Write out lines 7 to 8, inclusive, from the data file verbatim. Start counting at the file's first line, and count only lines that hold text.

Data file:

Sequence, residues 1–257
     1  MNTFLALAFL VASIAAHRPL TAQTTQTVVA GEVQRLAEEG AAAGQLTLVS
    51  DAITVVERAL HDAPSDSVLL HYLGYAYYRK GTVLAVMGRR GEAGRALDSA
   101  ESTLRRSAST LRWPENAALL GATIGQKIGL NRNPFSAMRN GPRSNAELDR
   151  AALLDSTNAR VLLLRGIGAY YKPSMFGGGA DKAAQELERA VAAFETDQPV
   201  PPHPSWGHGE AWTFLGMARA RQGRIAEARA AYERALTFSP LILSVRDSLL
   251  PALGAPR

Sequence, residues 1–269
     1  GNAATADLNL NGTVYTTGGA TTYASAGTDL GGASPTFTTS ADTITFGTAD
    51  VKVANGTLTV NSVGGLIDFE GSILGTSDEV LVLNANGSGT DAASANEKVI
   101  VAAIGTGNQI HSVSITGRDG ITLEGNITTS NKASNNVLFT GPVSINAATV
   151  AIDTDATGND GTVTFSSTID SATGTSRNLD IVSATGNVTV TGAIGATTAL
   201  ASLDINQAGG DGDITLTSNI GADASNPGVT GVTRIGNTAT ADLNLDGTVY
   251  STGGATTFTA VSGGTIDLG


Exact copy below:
   251  PALGAPR

Sequence, residues 1–269